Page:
In spite of what it may appear like on the outside, not everyone who follows NASCAR actually knows everything about racing. At this point, when racing is arguably closing in on football’s popularity, it may seem a little embarrassing to ask, “What the heck is all this about?”
It all began with a man by the name of “Big” Bill France. In 1947 had grown tired of him and his friends racing and never getting paid for their efforts by promoters who would sneak off with the prize purses before the drivers could have a chance to collect, so they formed a sanction. A lot of sanctions have been formed since then, however none have taken off quite the way NASCAR has. It hasn’t always been as large or as popular as it is today, having really only taken off in the last 10 or 15 years.
Some people surmise that part of it is that logo–so simple, so colorful, and so easily identifiable. Part of it is the marketability and likability of the drivers in NASCAR, as if they were members of one’s own family. They don’t need last names anymore. You just call them “Junior”, or “Tony” or “Kevin” or “Greg”. They’re easily recognizable both on the track and off. We all know “cousin” Kurt is apt to throw a fit and make a scene that “cousin” Tony has an electric and violent temper and that “junior” is everybody’s favorite.
We all know some are good drivers and some are very good drivers and some are super drivers. We also know nothing in the world, short of a jet plane warming up; can equal the sound of 43 drivers coming off the starting line. Truly you can stand and look sideways at them and see only a blur. They get to drive the way some of us would like to drive on the freeway. When you consider the stresses they are under, their performances are incredible.
So what is involved in being a fan?
Watching as many races as possible either on TV or in person is a great start to becoming a true NASCAR fan. While watching TV coverage you can learn a lot about the technical side of racing, however listening on a scanner that broadcasts a team’s communications with each other can teach a lot about the team’s emotions, reactions and temperament.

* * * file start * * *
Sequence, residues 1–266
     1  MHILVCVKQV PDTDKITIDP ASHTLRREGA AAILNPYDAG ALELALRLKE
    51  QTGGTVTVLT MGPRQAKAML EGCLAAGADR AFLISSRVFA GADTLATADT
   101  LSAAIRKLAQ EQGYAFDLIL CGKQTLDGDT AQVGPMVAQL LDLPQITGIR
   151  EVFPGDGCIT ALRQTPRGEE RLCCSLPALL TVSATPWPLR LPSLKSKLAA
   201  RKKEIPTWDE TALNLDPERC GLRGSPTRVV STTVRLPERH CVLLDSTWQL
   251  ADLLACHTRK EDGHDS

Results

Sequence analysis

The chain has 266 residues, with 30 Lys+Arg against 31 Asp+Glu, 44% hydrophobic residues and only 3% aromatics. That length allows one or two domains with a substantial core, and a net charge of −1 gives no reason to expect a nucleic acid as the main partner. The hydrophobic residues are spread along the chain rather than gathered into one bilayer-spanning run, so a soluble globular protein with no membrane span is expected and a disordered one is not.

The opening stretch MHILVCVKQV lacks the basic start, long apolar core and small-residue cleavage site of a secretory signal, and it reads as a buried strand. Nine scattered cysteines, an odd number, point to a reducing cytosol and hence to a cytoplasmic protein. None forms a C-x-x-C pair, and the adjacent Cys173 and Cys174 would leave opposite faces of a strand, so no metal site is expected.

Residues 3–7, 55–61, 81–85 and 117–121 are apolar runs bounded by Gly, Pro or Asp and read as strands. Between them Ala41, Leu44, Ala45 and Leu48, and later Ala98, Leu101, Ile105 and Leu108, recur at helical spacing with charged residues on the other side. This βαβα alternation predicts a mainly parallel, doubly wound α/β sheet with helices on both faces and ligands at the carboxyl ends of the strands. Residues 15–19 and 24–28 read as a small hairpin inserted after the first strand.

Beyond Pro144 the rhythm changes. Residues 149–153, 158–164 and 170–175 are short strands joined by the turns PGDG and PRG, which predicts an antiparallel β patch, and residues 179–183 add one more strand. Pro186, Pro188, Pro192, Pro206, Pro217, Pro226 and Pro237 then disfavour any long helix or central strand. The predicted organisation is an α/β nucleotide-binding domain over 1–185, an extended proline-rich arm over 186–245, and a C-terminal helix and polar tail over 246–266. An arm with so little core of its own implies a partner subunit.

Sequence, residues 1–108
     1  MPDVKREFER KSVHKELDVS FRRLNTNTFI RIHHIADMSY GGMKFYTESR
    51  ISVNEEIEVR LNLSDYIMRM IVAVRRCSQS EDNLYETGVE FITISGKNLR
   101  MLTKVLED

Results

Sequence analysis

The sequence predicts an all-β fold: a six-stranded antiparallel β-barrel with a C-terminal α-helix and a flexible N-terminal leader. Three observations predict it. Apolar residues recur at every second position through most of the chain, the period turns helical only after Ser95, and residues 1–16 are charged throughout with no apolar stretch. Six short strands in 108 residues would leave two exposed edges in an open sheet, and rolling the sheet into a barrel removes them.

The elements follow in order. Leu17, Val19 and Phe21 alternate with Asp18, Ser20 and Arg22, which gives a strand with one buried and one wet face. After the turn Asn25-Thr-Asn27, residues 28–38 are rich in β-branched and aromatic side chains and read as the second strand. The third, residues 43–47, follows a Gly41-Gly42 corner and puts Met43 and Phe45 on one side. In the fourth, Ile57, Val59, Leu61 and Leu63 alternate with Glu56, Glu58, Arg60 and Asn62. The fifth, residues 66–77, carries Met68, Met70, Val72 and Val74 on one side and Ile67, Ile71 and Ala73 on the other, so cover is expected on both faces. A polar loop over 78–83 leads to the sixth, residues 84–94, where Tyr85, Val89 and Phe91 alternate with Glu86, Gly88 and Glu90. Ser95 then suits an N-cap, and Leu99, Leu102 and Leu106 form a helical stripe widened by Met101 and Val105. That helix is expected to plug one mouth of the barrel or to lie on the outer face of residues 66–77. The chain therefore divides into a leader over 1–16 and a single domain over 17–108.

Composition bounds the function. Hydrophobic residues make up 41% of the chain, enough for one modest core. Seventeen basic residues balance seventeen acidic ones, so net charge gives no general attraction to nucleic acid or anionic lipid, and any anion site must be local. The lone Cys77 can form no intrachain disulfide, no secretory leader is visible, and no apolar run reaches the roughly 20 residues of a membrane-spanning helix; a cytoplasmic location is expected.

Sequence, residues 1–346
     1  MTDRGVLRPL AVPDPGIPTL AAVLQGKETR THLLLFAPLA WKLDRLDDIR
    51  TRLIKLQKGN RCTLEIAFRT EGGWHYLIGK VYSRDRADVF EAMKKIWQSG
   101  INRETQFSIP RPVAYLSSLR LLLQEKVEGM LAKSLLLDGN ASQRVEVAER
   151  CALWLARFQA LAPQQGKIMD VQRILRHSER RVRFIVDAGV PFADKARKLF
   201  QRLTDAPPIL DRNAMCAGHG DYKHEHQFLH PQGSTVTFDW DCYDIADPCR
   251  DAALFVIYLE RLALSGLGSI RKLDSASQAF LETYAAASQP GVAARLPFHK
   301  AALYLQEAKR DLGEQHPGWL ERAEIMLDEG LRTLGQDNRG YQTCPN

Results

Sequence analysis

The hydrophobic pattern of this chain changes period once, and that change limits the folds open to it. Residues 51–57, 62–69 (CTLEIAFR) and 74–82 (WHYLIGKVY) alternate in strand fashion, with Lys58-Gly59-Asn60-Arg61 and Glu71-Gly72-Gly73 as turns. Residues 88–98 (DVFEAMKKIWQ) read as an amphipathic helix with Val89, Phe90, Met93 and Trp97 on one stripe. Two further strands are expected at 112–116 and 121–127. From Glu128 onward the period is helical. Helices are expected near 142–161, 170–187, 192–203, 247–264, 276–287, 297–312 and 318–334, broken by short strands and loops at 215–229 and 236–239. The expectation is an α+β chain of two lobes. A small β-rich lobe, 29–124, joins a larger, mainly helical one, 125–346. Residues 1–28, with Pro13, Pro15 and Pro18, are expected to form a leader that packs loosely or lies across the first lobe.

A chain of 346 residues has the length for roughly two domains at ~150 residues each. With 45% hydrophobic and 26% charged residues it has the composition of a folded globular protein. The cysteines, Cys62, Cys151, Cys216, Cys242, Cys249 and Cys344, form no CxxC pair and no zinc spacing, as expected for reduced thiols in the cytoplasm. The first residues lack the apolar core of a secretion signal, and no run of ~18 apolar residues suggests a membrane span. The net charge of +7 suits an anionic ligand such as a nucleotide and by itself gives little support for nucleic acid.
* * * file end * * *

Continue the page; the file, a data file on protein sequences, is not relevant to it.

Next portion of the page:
Having a favorite driver is essential to enjoying the sport, much in the same way that the NFL, NBA, NHL, and MLB are more enjoyable to watch when you have a favorite team to root for. If he truly upsets you and you get sick of him, pick another, but always have a favorite driver. Find as many admirable qualities in him as you can, such as: he never quits, he never intentionally hits anyone, he doesn’t take anything off of anyone, and if you get in his way you’re in trouble, etc.. The passion you project is more important than the principle. If your driver isn’t always right, if he’s a jerk off the track, (or on), defend him anyway as long as you like the way he drives. That’s what makes cheering on a driver in NASCAR so much fun.
After you’ve grown accustomed to watching the races, and have picked a favorite driver, the next stop is beginning to understand the rules of the sport. There are many technical guides online, but more frequently, if a major rule is broken, television announcers will make you aware of what has actually happened on the course.
Becoming a NASCAR is much less complicated than it appears to be, and it can be a lot of fun when you cheer on your favorite driver to cross the finish line and see those checkered flags.